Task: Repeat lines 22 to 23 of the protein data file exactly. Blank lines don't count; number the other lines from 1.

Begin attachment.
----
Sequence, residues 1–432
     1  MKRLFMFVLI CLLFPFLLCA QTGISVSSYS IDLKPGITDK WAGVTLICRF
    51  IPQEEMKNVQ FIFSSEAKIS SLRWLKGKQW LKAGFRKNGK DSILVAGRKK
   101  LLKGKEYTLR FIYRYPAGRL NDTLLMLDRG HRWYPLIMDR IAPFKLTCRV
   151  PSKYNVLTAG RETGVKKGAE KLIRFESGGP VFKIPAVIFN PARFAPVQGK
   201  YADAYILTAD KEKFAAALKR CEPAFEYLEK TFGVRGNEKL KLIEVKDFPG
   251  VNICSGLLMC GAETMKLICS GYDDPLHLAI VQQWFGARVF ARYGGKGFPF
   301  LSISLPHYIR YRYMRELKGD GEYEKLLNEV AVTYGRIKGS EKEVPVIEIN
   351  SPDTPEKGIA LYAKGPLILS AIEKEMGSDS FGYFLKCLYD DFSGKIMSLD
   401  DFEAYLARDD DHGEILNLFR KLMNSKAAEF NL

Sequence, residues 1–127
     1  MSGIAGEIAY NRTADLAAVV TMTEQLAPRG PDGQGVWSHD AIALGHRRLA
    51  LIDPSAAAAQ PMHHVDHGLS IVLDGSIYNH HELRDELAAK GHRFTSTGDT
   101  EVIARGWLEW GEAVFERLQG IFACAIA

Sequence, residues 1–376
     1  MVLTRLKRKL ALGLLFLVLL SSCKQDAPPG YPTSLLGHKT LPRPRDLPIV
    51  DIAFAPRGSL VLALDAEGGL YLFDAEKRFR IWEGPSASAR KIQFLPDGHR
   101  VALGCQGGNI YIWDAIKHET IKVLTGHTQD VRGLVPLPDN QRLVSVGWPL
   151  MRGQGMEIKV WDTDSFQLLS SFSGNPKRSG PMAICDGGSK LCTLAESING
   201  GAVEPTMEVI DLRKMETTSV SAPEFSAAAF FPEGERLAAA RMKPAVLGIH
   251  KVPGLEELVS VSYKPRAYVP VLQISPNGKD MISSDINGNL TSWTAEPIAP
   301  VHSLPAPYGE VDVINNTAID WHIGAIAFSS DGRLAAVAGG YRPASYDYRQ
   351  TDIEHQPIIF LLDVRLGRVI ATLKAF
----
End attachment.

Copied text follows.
   301  VHSLPAPYGE VDVINNTAID WHIGAIAFSS DGRLAAVAGG YRPASYDYRQ
   351  TDIEHQPIIF LLDVRLGRVI ATLKAF